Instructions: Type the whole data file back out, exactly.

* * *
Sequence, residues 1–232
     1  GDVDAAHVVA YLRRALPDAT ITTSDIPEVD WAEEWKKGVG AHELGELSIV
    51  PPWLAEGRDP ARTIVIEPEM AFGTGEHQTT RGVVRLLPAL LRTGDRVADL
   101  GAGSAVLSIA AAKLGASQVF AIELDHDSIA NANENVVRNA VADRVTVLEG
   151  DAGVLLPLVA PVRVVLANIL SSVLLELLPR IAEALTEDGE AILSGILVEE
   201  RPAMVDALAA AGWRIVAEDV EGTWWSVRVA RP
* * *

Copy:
Sequence, residues 1–232
     1  GDVDAAHVVA YLRRALPDAT ITTSDIPEVD WAEEWKKGVG AHELGELSIV
    51  PPWLAEGRDP ARTIVIEPEM AFGTGEHQTT RGVVRLLPAL LRTGDRVADL
   101  GAGSAVLSIA AAKLGASQVF AIELDHDSIA NANENVVRNA VADRVTVLEG
   151  DAGVLLPLVA PVRVVLANIL SSVLLELLPR IAEALTEDGE AILSGILVEE
   201  RPAMVDALAA AGWRIVAEDV EGTWWSVRVA RP